Businesses aren't trusted to handle customer data

hand out of computer

Almost all employees don't believe that the companies they work for completely protects the identities of their customers.

So claims independent research commissioned by Fellowes to support National Identity Fraud Prevention Week.

Some 97 per cent of British workers appeared justified in believing this, with only 64 per cent of businesses having clear policies on how to handle documents with sensitive information.

For instance, a third (32 per cent) of employees admitted to throwing sensitive documents directly into the bin.

More than half (64 per cent) believed that bins were a bigger risk in losing customer details than computer systems or ordinary theft, with nearly two in five employees having no access to shredders.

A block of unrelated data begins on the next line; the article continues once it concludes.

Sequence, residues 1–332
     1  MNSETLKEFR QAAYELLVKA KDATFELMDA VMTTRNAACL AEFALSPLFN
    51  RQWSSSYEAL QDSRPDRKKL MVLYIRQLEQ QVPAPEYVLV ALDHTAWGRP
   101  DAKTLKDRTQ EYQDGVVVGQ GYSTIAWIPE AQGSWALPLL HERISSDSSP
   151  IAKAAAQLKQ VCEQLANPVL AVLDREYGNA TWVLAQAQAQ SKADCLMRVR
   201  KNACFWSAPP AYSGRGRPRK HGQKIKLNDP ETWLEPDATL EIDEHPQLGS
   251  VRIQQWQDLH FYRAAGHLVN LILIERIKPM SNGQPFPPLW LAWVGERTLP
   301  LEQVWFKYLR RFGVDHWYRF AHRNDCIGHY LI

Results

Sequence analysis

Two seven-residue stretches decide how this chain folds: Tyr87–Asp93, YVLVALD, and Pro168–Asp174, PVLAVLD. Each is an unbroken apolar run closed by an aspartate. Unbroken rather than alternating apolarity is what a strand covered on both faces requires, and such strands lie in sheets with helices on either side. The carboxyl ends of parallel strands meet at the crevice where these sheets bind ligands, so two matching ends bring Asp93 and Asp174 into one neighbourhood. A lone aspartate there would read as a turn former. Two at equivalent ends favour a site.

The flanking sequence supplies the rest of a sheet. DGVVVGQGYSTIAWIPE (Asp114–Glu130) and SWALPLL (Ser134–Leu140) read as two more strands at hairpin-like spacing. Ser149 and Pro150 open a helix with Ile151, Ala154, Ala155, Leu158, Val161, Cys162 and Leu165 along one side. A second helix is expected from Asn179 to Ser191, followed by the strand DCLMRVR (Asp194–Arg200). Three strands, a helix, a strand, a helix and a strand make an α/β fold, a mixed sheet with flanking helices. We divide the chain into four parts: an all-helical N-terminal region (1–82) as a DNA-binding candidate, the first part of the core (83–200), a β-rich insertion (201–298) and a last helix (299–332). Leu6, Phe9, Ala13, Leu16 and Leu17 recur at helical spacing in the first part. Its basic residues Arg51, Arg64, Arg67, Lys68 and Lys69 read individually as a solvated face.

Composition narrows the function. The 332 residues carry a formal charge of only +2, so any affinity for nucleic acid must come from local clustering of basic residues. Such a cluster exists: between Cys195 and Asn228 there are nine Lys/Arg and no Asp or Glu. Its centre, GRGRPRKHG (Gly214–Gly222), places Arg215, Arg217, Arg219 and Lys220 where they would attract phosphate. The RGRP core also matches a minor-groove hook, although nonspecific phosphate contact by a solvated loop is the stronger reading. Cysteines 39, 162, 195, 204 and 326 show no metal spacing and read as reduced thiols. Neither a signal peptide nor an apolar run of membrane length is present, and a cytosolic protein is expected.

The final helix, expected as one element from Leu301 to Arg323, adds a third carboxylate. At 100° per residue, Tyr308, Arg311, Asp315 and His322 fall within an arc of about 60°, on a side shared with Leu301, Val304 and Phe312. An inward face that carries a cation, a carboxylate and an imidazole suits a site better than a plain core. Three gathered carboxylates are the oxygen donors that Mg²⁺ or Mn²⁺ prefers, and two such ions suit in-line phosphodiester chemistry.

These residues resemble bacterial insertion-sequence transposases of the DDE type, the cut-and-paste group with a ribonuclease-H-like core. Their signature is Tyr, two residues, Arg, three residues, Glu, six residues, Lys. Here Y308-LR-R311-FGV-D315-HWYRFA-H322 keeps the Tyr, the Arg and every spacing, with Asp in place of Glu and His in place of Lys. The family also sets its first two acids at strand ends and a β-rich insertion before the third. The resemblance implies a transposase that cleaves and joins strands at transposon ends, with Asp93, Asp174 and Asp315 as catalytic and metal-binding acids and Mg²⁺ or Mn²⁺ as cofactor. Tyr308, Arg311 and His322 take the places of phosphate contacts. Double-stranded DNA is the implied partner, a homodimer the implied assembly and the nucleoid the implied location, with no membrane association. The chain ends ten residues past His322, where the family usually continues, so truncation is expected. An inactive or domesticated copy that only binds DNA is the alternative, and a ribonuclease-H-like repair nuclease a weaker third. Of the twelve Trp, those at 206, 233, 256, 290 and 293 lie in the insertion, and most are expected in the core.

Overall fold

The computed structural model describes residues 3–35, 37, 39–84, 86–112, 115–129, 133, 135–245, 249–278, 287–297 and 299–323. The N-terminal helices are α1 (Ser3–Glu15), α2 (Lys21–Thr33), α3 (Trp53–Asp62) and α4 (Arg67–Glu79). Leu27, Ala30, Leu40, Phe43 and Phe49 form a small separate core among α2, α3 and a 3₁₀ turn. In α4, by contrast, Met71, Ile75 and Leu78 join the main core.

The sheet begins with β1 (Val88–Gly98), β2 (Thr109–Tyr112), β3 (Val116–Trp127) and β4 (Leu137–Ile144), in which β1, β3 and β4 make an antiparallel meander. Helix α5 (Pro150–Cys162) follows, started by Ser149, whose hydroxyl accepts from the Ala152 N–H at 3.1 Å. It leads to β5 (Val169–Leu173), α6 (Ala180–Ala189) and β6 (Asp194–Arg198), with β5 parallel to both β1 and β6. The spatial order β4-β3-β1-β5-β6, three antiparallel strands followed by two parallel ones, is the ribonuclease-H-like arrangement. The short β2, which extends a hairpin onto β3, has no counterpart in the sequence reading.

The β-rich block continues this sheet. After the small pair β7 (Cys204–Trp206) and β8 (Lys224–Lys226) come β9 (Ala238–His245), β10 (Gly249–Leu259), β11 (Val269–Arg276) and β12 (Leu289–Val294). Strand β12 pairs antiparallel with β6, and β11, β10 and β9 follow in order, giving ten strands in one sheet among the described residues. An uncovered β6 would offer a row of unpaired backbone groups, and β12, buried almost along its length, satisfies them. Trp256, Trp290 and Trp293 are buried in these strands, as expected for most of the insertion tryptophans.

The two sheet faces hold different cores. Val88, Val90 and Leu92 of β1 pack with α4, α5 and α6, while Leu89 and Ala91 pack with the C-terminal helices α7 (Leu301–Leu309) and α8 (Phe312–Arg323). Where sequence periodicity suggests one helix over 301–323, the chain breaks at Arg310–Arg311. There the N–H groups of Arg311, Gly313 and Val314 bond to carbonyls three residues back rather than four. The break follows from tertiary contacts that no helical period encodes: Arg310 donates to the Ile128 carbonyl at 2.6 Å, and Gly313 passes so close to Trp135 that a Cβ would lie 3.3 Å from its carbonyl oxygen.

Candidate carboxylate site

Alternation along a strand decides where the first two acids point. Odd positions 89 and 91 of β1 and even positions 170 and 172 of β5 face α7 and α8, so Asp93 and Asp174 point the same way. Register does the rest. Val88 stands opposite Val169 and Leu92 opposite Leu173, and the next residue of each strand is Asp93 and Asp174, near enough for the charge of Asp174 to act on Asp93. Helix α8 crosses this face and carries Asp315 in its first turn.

Information lost in this way could leave innocent customers open to threats such as banking fraud in the event of financial data being lost, while even a small amount of data left in the open could lead to social engineering attacks.

Nearly a quarter (71 per cent) of UK employees thought that their businesses needed to do more to make sure confidential documents were handled properly.

More research from the National Fraud Authority showed that 62 per cent of businesses were worried about financial loss in the event of a data breach, while 43 per cent worried about what it would do for their reputation.

"Identity crime and related fraud has a devastating impact on individuals, businesses and the UK economy," said Dr Bernard Herdan, chief executive of the National Fraud Authority in a statement.

He added: "In addition to this, the theft of an identity can underpin a range of other serious crimes. It can be used to conceal criminal identities so organised gangs can avoid detection. By protecting your own identity you not only avoid becoming a victim of ID fraud but also help stop the wider crime it enables."